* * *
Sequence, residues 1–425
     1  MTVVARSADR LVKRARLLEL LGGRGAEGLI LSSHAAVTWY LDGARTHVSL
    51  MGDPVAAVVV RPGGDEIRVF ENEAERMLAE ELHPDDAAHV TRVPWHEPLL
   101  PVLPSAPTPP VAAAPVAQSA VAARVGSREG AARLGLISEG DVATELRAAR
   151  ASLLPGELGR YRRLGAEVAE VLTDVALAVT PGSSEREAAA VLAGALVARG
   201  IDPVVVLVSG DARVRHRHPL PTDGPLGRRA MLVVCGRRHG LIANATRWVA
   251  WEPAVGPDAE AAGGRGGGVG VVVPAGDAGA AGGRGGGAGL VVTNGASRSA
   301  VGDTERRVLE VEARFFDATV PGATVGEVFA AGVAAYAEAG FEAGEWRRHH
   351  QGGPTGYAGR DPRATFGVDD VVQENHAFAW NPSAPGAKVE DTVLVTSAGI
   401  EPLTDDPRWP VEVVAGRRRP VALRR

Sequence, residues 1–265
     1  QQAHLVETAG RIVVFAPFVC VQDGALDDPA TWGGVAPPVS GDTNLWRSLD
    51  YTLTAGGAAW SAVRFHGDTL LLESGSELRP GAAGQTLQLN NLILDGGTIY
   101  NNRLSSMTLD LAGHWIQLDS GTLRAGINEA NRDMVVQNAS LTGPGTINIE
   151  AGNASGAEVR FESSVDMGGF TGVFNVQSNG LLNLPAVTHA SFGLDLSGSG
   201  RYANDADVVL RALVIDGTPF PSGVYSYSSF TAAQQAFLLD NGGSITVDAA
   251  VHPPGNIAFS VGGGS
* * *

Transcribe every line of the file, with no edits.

Sequence, residues 1–425
     1  MTVVARSADR LVKRARLLEL LGGRGAEGLI LSSHAAVTWY LDGARTHVSL
    51  MGDPVAAVVV RPGGDEIRVF ENEAERMLAE ELHPDDAAHV TRVPWHEPLL
   101  PVLPSAPTPP VAAAPVAQSA VAARVGSREG AARLGLISEG DVATELRAAR
   151  ASLLPGELGR YRRLGAEVAE VLTDVALAVT PGSSEREAAA VLAGALVARG
   201  IDPVVVLVSG DARVRHRHPL PTDGPLGRRA MLVVCGRRHG LIANATRWVA
   251  WEPAVGPDAE AAGGRGGGVG VVVPAGDAGA AGGRGGGAGL VVTNGASRSA
   301  VGDTERRVLE VEARFFDATV PGATVGEVFA AGVAAYAEAG FEAGEWRRHH
   351  QGGPTGYAGR DPRATFGVDD VVQENHAFAW NPSAPGAKVE DTVLVTSAGI
   401  EPLTDDPRWP VEVVAGRRRP VALRR

Sequence, residues 1–265
     1  QQAHLVETAG RIVVFAPFVC VQDGALDDPA TWGGVAPPVS GDTNLWRSLD
    51  YTLTAGGAAW SAVRFHGDTL LLESGSELRP GAAGQTLQLN NLILDGGTIY
   101  NNRLSSMTLD LAGHWIQLDS GTLRAGINEA NRDMVVQNAS LTGPGTINIE
   151  AGNASGAEVR FESSVDMGGF TGVFNVQSNG LLNLPAVTHA SFGLDLSGSG
   201  RYANDADVVL RALVIDGTPF PSGVYSYSSF TAAQQAFLLD NGGSITVDAA
   251  VHPPGNIAFS VGGGS